Copy large amounts of data into a table is a balancing act between the data you are inserting and the indexes on that table. Have a look at this question on stack overflow...http://stackoverflow.com/questions/6955456/drop-rebuild-indexes-during-bulk-insert
"There is overhead in maintaing indexes during the insert and there is overhead in rebuilding the indexes after the insert. The only way to definitively determine which method incurs less overhead is to try them both and benchmark them. "
You'll definitely want to batch up the inserts into smaller chunks, if you're just performing one giant INSERT statement it's all going to be handled by a single transaction which will cause large tlog growth and wont be the fastest.
I have found this pattern works with large amounts of data....(this would be an SSIS package to perform the ETL).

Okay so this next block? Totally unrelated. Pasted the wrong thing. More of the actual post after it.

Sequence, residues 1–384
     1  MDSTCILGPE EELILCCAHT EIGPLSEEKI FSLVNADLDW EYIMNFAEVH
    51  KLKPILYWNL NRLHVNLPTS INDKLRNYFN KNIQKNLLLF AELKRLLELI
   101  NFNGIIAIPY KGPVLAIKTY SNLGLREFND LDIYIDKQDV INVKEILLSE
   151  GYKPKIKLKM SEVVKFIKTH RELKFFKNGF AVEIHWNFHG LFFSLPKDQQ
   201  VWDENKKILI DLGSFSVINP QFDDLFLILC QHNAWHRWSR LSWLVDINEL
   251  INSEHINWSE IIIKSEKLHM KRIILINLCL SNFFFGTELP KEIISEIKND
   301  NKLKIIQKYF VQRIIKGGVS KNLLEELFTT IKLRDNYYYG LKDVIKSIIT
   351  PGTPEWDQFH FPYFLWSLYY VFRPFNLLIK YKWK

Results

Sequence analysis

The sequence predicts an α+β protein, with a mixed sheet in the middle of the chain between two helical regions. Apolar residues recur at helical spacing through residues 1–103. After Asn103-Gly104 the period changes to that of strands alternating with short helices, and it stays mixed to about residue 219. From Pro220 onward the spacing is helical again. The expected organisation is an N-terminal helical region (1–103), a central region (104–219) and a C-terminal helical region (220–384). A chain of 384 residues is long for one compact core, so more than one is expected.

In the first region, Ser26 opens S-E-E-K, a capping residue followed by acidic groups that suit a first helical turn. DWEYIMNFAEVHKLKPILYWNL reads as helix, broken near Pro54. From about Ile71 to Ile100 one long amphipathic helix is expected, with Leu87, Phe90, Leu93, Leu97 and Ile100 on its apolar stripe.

* Drop all indexes on destination table *apart from clustered index*
* Begin bulk insert operation on destination table - (e.g do this in batches of 1000 records).
* Rebuild indexes on destination table
It totally depends on the clustered index as well. I remember doing some work on sales data, and the data was clustered by financial date rather than just an autoincrementing field. In this case, it was important to insert the data into the desintation table in the order of the clustered index (e.g. have your source data sorted before trying to insert it)